Families are Competent: We recognize that families are already helping their child learn. To understand this, we observe.
Families have Knowledge: We recognize that families understand child development, their goals, and how effective they think the strategies are, all through the lens of their individual culture. To understand this, we have conversations.
Families Life Experiences have given them that knowledge: We recognize families’ competencies and knowledge are a reflection of their thought processes, problem-solving approaches, and outside resources. To understand this, we wonder and apply what we learned in the observations and conversations to planning and intervention.
This approach recognizes that what families AND professionals DO is only one aspect of how they engage. Their mindset, what they THINK and FEEL, are critical to truly engaging in ways that honor family strengths in helping their child develop. Mindset principles are the lens from which families and professionals think about families and professionals.
– Have many ways and cultural styles of parenting. Each and every way and style are honored.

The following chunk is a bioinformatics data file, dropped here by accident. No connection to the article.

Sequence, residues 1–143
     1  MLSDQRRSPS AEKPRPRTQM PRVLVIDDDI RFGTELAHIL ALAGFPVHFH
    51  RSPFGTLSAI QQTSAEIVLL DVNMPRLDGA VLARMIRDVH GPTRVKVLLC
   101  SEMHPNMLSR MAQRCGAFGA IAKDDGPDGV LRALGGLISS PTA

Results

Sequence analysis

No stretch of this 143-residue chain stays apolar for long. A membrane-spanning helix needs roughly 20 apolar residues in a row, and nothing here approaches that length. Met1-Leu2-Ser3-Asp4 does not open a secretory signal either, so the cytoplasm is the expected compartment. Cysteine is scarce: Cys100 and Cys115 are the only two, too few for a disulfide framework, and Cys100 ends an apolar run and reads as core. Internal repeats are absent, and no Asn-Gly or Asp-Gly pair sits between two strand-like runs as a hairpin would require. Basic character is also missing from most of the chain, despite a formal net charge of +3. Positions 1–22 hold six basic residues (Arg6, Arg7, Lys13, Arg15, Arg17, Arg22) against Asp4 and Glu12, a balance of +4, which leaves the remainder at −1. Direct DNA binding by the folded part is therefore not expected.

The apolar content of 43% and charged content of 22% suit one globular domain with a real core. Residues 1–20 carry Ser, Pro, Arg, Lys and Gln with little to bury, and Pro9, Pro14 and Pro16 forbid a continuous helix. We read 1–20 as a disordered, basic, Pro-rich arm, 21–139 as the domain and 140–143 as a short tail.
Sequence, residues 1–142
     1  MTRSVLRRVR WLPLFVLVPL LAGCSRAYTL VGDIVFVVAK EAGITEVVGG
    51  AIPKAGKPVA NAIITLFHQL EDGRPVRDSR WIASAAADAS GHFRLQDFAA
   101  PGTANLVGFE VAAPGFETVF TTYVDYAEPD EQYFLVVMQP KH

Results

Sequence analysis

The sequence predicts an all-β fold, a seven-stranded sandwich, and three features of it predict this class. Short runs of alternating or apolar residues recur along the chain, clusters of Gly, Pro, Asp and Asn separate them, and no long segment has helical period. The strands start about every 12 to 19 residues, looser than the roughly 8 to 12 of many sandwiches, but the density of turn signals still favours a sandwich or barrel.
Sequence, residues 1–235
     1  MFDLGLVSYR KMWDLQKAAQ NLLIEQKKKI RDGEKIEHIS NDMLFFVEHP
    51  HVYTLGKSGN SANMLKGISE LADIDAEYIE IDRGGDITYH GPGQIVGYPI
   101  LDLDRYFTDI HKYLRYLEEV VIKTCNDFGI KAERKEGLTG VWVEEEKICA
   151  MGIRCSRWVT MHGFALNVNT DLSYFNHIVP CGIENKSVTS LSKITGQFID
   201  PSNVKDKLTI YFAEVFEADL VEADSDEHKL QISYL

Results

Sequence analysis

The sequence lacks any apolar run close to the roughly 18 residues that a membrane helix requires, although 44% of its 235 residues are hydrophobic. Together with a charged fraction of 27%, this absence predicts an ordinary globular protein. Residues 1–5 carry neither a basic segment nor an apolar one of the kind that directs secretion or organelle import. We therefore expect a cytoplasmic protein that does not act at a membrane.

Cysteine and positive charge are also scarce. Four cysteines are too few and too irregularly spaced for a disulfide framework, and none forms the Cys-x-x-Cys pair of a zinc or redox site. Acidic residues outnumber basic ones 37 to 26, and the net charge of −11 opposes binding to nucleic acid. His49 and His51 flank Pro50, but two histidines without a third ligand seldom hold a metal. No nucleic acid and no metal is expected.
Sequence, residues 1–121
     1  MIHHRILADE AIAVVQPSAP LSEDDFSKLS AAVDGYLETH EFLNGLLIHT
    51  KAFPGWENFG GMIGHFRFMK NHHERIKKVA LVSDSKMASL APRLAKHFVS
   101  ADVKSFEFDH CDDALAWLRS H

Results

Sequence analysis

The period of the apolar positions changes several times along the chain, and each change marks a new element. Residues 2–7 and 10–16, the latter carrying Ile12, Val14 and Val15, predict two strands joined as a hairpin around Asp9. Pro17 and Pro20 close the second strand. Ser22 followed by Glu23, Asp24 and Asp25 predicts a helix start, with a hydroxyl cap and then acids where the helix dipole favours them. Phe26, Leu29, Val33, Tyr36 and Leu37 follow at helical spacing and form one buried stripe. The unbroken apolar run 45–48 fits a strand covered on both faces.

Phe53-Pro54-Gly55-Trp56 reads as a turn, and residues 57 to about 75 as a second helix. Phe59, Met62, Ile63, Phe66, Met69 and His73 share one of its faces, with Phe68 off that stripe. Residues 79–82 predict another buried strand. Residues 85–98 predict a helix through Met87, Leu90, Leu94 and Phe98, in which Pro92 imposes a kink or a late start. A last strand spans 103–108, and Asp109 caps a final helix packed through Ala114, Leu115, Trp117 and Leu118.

– Are already successfully meeting their family and child priorities.
– Are actively thinking about and promoting their child’s development, even if it’s difficult for them to describe it.
– Have knowledge and skills (i.e., developmental strategies) outside of those learned in EI.
– Promote their child’s development because it is a parental role.
– Try new things and take risks. If something doesn’t work, it’s a reflection of the strategy, not the professional’s competence.
– Are open to new understandings that are perhaps different from what they previously thought.
– Prioritize the need to learn from the family over the need to create a plan or implement a strategy. This is really about curiosity.
– Work to master new skills even if the work is hard.
– Are a resource to families being a parent because that is the professional’s role.